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Project Organization
Business Sponsors(s) Business Owner(s) Steering Committee Susan Leonard, CEO
Matthew Mabalot,, Project Manager Dwane McGowan, Clinical Nursing Officer Matthew Mabalot, Chief Information Officer Christina McClenaghan, Chief Financial Officer

Project Manager Project Team

Matthew Mabalot, Chief Information Officer IS Analysis TBD Dwane McGowan, CNO/Project Ambassador Matthew Mabalot, CIO/Project Manager Christina McClenaghan, CFO/Project Coordinator

14 Data Entry temporary staff Program Assistant TBD

Project Management Strategies


Project Meetings
Weekly and monthly meetings should be scheduled with key stakeholders and team leaders to review any issues and provide project updates. Ad hoc meetings should be set up as required, with meeting minutes available via e-mail, and in a centralized project binder.

Issue Management
This facilitates dealing with issues that need to be reviewed by the steering committee. An issue tracking log should be developed, allowing for a transparent problem resolution process, and to keep track of issues and resolutions. There should also be a clear pathway for submitting issues or concerns to the committee from any staff member.

Scope Change Management


Ideas from staff/physicians for any changes in project scope are to be fully analyzed by steering committee members to assess possible impact on timelines and resources, with large project proposal changes brought to the Management committee. Standard IS scope management forms will be utilized and placed in the Project Appendix. Scope change requests may be approved, deferred, or rejected, with any approvals resulting in an update to the project work plan.

Training Strategy
The approach to training staff and physicians should involve the vendor early in the project and continue well after the implementation phase. Feedback and suggestions from staff should be encouraged. At- the-elbow training for physicians should be a priority to facilitate acceptance of the new

15 system, and to gain end-user live feedback. Key or super-users should be selected and trained by the vendor to be used as resources on the go-live date. Training Scope Training will be limited to staff working at the proposed pilot facility for this project, and any ancillary staff that require training. Training Approach The approach to training will involve the use of demonstration stations, using real examples for staff to practice with. Super-users and physician champions will receive extended in-depth training on the new system, with the purpose of training-the trainer. Training Material Development Material required for training will be provided by the vendor, based on MHCGs requirements, and will include any specified adaptations for the group.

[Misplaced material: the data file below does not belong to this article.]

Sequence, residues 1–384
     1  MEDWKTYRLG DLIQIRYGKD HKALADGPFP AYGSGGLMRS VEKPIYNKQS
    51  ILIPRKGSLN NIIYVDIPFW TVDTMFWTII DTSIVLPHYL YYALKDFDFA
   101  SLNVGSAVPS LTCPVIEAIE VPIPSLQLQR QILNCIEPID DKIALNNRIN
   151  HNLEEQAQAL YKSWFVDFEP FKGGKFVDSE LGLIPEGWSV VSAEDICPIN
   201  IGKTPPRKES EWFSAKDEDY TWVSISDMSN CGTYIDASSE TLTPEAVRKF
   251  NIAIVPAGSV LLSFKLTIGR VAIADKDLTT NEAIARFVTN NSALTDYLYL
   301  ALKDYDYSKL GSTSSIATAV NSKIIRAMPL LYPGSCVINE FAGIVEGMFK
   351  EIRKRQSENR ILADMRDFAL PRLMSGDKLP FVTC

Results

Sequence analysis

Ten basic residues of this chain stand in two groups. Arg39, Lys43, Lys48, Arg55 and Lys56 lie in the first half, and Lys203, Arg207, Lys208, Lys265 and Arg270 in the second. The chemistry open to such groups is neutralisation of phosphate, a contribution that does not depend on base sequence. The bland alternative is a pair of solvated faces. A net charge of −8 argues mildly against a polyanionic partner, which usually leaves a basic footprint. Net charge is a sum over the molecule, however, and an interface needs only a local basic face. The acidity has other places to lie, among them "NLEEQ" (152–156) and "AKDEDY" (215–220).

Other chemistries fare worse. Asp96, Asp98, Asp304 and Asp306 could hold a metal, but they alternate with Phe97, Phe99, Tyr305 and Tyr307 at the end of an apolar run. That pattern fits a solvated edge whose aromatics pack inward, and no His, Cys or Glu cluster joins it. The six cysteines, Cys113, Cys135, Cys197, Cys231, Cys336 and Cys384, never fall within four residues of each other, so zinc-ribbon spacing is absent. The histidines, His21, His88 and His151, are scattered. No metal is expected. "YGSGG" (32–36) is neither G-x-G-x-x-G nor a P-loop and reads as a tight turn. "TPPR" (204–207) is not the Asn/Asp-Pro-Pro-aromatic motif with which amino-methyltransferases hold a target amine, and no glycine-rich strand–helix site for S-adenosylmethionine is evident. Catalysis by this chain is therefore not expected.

Documentation Development Strategy


Documentation required for this project will be customized for each facility involved. Weekly updates to plans or guidelines will be provided by newsletter and made available online. Technical operations procedure manuals will be developed and policies and procedures prepared in compliance with organizational guidelines.

Project Work Paper Organization and Coordination


An online shared database will be created for this project, with all key members given access, and a centralized folder with all pertinent documents will be made available.

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Refernces

Bayne, R., Birt, C., Hereid, D., & Hudman, L. Physician Adoption: Getting Your Physicians On Board for CPOE. (2010). Retrieved from http://www.ihsconsulting.com/images/industry_white_papers/ihs_whitepaper_3 Evans, P., Hummel, J. EHR Implementation with Minimal Practice Disruptions in Primary Care Settings: The Experience of the Washington & Idaho Regional Extension Center. (2012). Retrieved from http://www.healthit.gov/sites/default/files/ehr-implementation-wirec.pdf HealthIT.gov. How to Implement EHRs. (2013). Retrieved from http://www.healthit.gov/providersprofessionals/ehr-implementation-steps/step-1-assess-your-practice-readiness The Leapfrog Group. Computerized Physician Order Entry: Costs, Benefits and Challenges. (2003). Retrieved from http://www.leapfroggroup.org/media/file/Leapfrog-AHA_FAH_CPOE_Report.pdf The Leapfrog Group. Factsheet: Computerized Physician Order Entry. (2012). Retrieved from http://www.leapfroggroup.org/media/file/FactSheet_CPOE.pdf Wagner, K.A., Wickham Lee, F., Glasser, J.P. (2009). Healthcare Information Systems: A Practical Approach for Health Care Management (2nd ed.). San Francisco, CA: Jossey-Bass